Even though placelessness affected our local urban environment, the realization of and reaction to this problem was global beginning in the 1960s. “Less” became a bore, and designers worldwide reinserted familiar forms, hints of history, and lots of ironic whimsy while de-emphasizing the honesty in materials and construction that would result in postmodernism. Around the same time, a more sensitive and serious alternative emerged—one that would make buildings more place-centered but still in dialogue with the universalistic culture of technologic and contemporary construction methods. This desire for a careful synthesis between the universal and the local is referred to as Critical Regionalism, a term first coined by Liane LeFaivre and Alexander Tzonis and made into a coherent architectural movement by the historian Kenneth Frampton. In his essay “Towards a Critical Regionalism: Six Points for an Architecture of Resistance,” Frampton detailed the work of leading architects (such as Jørn Utzon, Hon. FAIA., Tadao Ando, Hon. FAIA., and Alvar Aalto, Hon. FAIA.,) who clearly adopted the Modernist design principles, but deliberately fit their projects to each specific context. Whether by sensitively siting the building to local sun angles and prevailing breezes or by employing materials found locally and commonly used in the area, Critical Regionalism attempts to restore rooted sense of place while refusing to reject the technical advances of Modernism that have improved the quality of our lives.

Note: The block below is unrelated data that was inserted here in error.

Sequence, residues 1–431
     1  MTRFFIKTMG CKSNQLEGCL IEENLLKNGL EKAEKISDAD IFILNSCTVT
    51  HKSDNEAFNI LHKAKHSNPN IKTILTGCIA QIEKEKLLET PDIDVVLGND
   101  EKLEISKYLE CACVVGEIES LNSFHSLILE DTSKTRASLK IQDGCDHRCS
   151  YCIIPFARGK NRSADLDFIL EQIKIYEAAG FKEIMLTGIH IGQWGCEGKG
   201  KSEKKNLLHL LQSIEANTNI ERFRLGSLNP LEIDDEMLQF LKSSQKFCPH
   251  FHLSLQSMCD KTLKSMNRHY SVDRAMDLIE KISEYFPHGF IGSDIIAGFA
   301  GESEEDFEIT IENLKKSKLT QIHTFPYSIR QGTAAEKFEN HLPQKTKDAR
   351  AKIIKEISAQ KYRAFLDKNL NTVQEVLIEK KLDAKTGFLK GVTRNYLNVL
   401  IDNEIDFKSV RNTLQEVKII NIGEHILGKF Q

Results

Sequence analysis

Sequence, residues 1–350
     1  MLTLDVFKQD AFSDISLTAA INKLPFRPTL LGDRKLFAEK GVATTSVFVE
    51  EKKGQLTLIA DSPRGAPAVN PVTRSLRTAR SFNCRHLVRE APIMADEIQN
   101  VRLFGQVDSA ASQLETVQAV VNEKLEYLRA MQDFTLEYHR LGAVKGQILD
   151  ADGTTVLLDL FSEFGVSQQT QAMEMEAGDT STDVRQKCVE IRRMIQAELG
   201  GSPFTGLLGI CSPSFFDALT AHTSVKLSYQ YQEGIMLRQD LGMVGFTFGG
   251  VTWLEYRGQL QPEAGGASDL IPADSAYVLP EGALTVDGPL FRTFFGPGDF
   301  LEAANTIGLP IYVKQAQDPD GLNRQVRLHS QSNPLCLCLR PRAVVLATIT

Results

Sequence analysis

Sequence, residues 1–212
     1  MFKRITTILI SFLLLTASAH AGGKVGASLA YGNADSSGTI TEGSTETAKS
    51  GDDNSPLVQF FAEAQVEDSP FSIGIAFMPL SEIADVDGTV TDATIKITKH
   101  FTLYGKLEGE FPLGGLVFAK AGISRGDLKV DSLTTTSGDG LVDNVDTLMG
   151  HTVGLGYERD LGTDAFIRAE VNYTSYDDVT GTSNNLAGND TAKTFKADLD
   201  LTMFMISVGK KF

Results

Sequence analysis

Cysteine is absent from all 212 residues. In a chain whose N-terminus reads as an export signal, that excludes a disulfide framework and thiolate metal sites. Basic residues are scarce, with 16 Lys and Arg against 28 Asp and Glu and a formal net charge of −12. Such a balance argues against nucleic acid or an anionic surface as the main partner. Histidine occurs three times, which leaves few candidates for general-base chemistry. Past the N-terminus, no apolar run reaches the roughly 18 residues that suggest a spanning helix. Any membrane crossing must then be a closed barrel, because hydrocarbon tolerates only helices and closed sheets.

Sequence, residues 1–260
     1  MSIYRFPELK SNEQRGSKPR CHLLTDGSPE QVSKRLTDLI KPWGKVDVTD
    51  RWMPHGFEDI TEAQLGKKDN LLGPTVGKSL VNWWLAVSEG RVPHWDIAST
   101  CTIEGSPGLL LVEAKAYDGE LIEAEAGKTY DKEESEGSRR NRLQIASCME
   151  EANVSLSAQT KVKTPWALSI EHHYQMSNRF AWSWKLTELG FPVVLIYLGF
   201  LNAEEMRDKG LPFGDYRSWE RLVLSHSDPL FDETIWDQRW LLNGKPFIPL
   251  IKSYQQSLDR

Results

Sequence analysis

The Dallas-Fort Worth region has its share of iconic International Style and Postmodernist landmarks. They provide memorable images that are unique to the city, but offer little in the way of defining an authentic regional identity. Local developers turned their backs to the area’s agrarian roots to try all that was new and forward-looking as a means of embodying global values of commerce and prestige. It can be argued that this desire for global acceptance still continues to drive the decisions on what is built throughout the metroplex today.

To be fair, some kind of modern local tradition had been established during this period of aggressive urban development in North Texas, as the pioneering work of Charles Dilbeck, George Dahl, FAIA and O’Neil Ford, FAIA attest. Indeed, it was Ford who paved the way towards a Critical Regionalist response by merging European Modernism with indigenous aspects of early Texas architecture. Though he began practicing in Dallas before settling permanently in San Antonio, he eventually achieved widespread renown for his pioneering body of work that would inspire a generation of young designers to popularize the “Ranch-Tech” style common throughout Central Texas. Firms such as Lake Flato and Overland Partners have earned numerous design awards producing a Texas variant of Critical Regionalism that has been widely embraced by clients throughout the state.